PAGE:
When we make coffee or tea, there are particles that remain at the bottom of the jar.

Is it right to call them 'rudiments' or is there another term for this?

  • 5
    At the bottom of the jar? Or the bottom of the pot? I think the word you are looking for is dregs, and I think the site you are looking for is English Language Learners.
    – J.R.
    Sep 14, 2013 at 9:24
  • @J.R. Thanks for that input. As a matter of fact, the page your link opens up also uses the word residue and the availability of multiple synonyms makes me think if this is a matter of choice rather than a rule.
    – itsols
    Sep 14, 2013 at 10:34
  • Yes, it's rare in English that there's just one word for something so common.
    – J.R.
    Sep 14, 2013 at 10:40
  • 1
    Re @J.R.'s comment, you take coffee or tea out of a jar (or tin or packet or box or whatever) before making it. So do you want to know what to call the stuff at the bottom of your cup after you make it when it's wet and in your cup or pot? Actually one can say 'tea leaves' or 'coffee grounds' for both before and after, but one usually says 'tea leaves' for afterwards when 'reading' them. I don't know if people say or do 'reading coffee grounds'. You definitely don't say 'reading dregs'. But if you're just referring to the crud at bottom of your cup, then 'dregs' is the word.
    – Mitch
    Sep 14, 2013 at 15:35
  • @Mitch Well said. Yes, I meant the substance that remains after a cup of coffee or tea is made.
    – itsols
    Sep 14, 2013 at 15:50

6 Answers 6



re·sid·u·um [ri-zij-oo-uhm] Show IPA noun, plural re·sid·u·a [-zij-oo-uh] Show IPA .

1. the residue, remainder, or rest of something.

2. Also, residue. Chemistry . a quantity or body of matter remaining after evaporation, combustion, distillation, etc.

3. any residual product.

In Deutsch it is called kaffeesatz as in kaffeesatz lesen or the Turkish tradition of reading tea leaves.

  • kaffeesatz ger. translates to 'coffee grounds' (particles of ground coffee?), not necessarily the 'left overs'. And oh, yes, 'satz' also means 'dregs' as a secondary meaning.
    – Kris
    Sep 14, 2013 at 11:34
  • 4
    No one, not even the most clinical of people, would actually use this word in speech. It sounds like something a really uptight scientist might use in a technical paper.
    – Mitch
    Sep 14, 2013 at 12:04
  • @Mitch not even, us uptight scientist types refer to residue or, at worst, sediment or precipitate. Can't speak for MDs though, they have their own language.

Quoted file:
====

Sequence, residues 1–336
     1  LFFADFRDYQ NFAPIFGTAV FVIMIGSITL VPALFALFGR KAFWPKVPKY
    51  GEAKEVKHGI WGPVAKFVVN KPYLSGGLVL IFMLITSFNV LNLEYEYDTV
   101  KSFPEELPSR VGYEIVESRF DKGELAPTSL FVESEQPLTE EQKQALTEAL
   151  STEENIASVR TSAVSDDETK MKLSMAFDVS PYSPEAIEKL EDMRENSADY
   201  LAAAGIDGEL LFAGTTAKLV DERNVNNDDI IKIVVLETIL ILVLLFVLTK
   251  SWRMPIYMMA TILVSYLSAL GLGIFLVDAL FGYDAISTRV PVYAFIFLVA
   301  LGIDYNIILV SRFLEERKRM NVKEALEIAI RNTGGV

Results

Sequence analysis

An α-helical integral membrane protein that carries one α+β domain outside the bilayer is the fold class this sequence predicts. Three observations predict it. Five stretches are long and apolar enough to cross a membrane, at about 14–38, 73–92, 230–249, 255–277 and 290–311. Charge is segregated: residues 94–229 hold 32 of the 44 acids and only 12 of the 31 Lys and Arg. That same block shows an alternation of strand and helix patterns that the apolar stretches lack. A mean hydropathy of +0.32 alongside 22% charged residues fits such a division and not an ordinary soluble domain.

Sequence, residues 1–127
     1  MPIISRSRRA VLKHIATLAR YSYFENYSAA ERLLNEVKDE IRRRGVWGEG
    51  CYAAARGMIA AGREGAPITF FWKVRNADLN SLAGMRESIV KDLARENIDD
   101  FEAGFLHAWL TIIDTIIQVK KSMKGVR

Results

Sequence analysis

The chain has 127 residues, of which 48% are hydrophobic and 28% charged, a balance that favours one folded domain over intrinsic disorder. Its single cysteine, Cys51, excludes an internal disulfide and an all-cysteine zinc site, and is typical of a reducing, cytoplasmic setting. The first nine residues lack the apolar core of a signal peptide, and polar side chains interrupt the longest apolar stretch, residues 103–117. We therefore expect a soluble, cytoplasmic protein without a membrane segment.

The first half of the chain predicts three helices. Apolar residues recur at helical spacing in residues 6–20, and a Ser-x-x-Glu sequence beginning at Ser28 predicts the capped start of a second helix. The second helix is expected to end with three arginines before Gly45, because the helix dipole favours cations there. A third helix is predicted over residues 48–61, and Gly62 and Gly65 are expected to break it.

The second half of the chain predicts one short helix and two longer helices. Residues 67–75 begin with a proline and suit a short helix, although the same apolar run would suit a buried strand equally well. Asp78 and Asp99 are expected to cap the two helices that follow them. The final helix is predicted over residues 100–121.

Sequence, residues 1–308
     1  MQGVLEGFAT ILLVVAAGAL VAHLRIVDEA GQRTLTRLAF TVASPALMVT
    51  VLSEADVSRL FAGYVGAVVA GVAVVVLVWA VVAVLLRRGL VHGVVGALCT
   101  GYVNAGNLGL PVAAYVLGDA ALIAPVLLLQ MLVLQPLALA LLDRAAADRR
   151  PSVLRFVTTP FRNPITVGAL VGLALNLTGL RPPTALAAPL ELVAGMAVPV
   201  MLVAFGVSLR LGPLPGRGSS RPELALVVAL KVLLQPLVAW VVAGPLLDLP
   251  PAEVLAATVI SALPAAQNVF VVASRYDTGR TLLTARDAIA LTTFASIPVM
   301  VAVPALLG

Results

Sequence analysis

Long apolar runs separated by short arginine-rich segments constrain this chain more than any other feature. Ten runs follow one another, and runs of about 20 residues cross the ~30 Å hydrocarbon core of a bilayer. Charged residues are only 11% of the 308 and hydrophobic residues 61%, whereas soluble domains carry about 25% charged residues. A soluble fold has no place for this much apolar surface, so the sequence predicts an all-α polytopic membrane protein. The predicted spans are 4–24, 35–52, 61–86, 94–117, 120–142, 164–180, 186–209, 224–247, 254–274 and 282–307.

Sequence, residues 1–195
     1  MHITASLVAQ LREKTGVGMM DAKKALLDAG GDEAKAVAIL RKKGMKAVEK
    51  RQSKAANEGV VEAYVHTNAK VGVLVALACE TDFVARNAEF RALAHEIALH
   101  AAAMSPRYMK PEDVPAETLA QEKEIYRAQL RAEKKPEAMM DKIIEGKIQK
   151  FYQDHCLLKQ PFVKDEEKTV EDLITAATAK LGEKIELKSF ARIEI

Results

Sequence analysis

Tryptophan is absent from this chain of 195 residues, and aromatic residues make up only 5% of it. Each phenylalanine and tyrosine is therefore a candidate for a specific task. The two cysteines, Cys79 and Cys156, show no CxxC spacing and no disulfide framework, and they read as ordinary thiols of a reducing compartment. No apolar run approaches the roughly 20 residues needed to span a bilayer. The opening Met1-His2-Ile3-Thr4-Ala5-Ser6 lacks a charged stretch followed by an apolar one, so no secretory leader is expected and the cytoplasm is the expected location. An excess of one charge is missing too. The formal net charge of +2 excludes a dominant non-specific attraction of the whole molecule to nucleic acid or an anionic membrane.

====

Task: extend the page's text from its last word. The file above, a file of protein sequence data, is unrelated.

– terdon
    Sep 14, 2013 at 14:55
  • @Kris: Lots of people who call the leftover stuff coffee grounds would never use that word for ground coffee. So I think that Kaffeesatz is really the word for the leftover stuff. And this is confirmed by deutsches Wiktionary. May 27, 2018 at 0:44

dregs [drɛgz] pl n
1. (Miscellaneous Technologies / Brewing) (Cookery) solid particles that tend to settle at the bottom of some liquids, such as wine or coffee 2. residue or remains

meta: search for the words "coffee OR tea particles remain at the bottom" in Google and you will see the first dictionary result is the TFD entry above! :)


" Sediment " should be the close one ..

  • Welcome to EL&U! I like this answer and I have upvoted it but you should add a dictionary definition showing your answer is right. At the moment it has been flagged as low-quality because it is so short. Answers here require a bit more explanation. May 27, 2018 at 11:16

I'm not sure there's a simple, single answer. Dregs is the best answer but refers also to the liquid residue (in the sense of "last remaining part" (M-W:3), while residuum is a nice word but not appropriate in normal writing (residue would be better but not really specific enough). For coffee there's grounds and for tea there's leaves, but both of these refer to the product before as well as after the water was added (though with context, e.g. "pour gently leaving the grounds behind" would of course make sense). Settlings may be useable for the particles making up the mud at the bottom of coarsely-filtered coffee.

  • I've always interpreted "dregs" to mean a mixture of liquid and solids at the bottom of a pot or cup.
    – Hot Licks
    May 27, 2018 at 0:55
  • @HotLicks yes but in any proportion, so anything from a liquid that suddenly feels grainy as you drink it to wet particles
    – Chris H
    May 29, 2018 at 15:10

For coffee, in my part of the U.S., at least, what is left after brewing is called coffee grounds. I have never heard anybody use coffee grounds for ground coffee, which is what I would call the stuff you start with.

This is confirmed by at least one dictionary, Merriam Webster:

1 b (2): ground coffee beans after brewing.

Googling, however, I see that some people on the West Coast, at least, call unused coffee beans that have been ground coffee grounds. So to disambiguate, you could call them used coffee grounds.


Er… I don’t think anyone has actually answered the question, as such.

A “rudimentary bow” (for example) is something that is not quite a proper bow, but still manages to make arrows fly.   “primitive”.

The rudiments of some area of knowledge or praxis — (e.g.) management, or book-binding — is the foundational knowledge and/or art.   Slang: AREA“101” (from the codes for first-year university subjects).

(I know this already, but I checked in my Apple “Dictionary”, just to make sure.)

  • 1
    And how is this an answer to the question? :) Sep 25, 2013 at 10:54

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